Very excited as my Canon 5D arrived this week. I have not purchased a wide angle lens yet. (currently only got the 85 1.8 mostly to photograph the kids). For my Nikon film SLR I had the 20mm 2.8 which was WIDE. This was before I started to think about panoramas.
Now for the EOS line there are the 20 2.8, the 24 2.8 and the 28 2.8 (I'm not left with enough money after the camera purchase to go for the 1.8 lenses.) Does anyone have a specific recommendation as to which wide angle to get. I'm not interested in a zoom, they are never as good for the money as primes. I figure I don't have to be as wide as I think since I'll have more field of view as I stitch. So does the 28mm lens make the most sense. Remember the 5D is full frame so no crop factor.
The 20 2.8 = USD$420 The 24 2.8 = USD$290 The 28 2.8 = USD$170, the 28 1.8 = USD$400
If I go with the 28mm is the 1.8 worth it (obviously not for speed as the thing will be on a tripod but just for overall quality.
Sorry i've never had the chance to test these lens, especially on a full frame sensor but i strongly recommand : 1/ the lowest vignetting 2/ the lowest geometric distorsion & chromatic abberation 3/ the lowest flare 4/ the best sharpness
I think a nice lens with a quite good quality and a cheap price is the sigma 17-35 2.8-4. Ok you don't like zoom, me neither, but I use this lens just for panos, just @ 17mm and it's nice and cheap. Used is very cheap and since you probably will shoot with an high f number, you'll get a sharp lens too. Seems just too cheap, maybe, but I'm using it on a eos 5d and I had the results (the last two scrolling down) you can see on this page http://www.vrprofx.com/sph.htm which are by far much better than the other shot I did with diffrent lenses. The only thing is it vignettes up to 1/4-1/3 f stop from the center to the corners but it's common among wide angles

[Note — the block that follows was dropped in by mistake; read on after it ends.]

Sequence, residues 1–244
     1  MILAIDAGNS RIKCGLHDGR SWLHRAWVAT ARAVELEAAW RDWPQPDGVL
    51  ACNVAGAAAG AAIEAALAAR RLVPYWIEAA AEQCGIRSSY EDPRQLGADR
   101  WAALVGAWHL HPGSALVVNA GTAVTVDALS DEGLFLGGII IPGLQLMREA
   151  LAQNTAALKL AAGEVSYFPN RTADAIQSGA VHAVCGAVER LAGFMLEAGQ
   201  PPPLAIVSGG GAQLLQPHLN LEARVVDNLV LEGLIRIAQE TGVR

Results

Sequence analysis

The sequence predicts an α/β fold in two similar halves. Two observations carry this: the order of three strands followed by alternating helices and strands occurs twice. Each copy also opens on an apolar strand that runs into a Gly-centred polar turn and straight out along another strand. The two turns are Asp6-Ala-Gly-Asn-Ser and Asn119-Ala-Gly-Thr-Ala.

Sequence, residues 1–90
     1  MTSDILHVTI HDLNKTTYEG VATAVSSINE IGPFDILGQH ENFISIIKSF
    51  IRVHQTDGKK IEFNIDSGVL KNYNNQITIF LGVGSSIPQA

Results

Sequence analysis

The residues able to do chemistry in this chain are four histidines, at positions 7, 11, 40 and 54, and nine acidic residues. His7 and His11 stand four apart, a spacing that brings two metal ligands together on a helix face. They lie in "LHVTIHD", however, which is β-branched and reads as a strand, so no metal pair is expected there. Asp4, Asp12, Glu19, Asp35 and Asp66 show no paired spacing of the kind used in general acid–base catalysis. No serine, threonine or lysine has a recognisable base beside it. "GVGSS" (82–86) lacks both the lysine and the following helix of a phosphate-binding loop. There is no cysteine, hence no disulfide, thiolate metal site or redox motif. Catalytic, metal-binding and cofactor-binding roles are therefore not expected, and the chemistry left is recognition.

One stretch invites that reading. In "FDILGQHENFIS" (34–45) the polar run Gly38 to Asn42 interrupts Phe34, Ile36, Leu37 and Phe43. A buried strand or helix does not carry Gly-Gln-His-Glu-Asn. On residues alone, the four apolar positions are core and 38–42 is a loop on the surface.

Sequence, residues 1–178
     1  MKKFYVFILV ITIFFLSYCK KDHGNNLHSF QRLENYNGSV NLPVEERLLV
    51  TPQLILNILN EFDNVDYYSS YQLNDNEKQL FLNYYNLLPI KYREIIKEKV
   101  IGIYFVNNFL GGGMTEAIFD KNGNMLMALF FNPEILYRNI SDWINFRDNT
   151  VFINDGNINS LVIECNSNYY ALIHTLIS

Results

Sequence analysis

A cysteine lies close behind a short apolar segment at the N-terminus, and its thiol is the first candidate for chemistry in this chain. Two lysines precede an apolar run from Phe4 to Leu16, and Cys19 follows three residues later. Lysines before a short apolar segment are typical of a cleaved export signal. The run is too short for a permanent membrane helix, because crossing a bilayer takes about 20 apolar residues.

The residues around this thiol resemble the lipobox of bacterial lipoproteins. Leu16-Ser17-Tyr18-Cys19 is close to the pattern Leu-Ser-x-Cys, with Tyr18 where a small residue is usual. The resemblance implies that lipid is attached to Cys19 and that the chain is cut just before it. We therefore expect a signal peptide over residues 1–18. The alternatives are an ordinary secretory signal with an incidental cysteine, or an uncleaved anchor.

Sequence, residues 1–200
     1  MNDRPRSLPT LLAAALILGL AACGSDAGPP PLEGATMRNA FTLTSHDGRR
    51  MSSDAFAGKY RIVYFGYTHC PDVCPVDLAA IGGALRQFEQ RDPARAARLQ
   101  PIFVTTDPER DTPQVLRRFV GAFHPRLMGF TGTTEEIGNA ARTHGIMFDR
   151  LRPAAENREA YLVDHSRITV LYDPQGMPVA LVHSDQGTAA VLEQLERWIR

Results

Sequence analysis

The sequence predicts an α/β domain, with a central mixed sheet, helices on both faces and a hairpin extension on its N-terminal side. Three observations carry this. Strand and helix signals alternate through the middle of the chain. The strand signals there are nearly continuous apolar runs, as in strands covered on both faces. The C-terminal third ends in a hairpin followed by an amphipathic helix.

I mean: It's sharp - but i shoot with a 15kg tripod + custom-made pano head + remote control at nothing less than f 11. Then it must be so. For vr's, I think depth of field and sharpness is a good thing expecially shooting small areas like yacht bathrooms with an open door to something 5 meter far away, or something very narrow. It has few chromatic aberration It's light It's cheap It has a wide range of focal lenght (for group of kids ;-)) Its AF works pretty good
so I bought it thinking: yes, I'm buying this glass 'cos the L series costs too much, but I was really surprised when I tried it.
Anyway you better try it or rent it to see if it's ok for you too. The positive feeling you can have with a lens is a great thing. Considered that you already own a great lens (85 1.8 is AMAZING) you must be aware of what I mean.
Yes, Alexandre, it's a real surprise considered the price. It will last for long between my camera stuff...
jayelwin, also consider that wider is the lens the less shots you'll have 2 take: with a 28 mm for a spherical VR you need approx 32 img and with a 17 mm only 18... it's faster, the sw works with less pics then faster, YOU GET LESS CHANCE TO DO MISTAKES (happens...), less time=less people or unpredictable events that can happen when you shoot...
you want a 28 mm? ok set the lens @ 28 mm and fix it with a tape... and save money!!!
Thanks for the replies. I think the sigma seems to review well on smaller sensor cameras such as the D70 of the 20D. Also I have always been happier with primes. The camera is heavy as is and setting it up in portrait position on a pano head with a very heavy zoom.
I'm tempted to get the 28 2.8 for both the weight and cost savings. I've found that cheap primes are better than most zooms just because of the simplicity of their design. If I hate it I can probably sell it on ebay and get something more expensive.
VERY EXCITED about the upcoming mac version! Can't wait!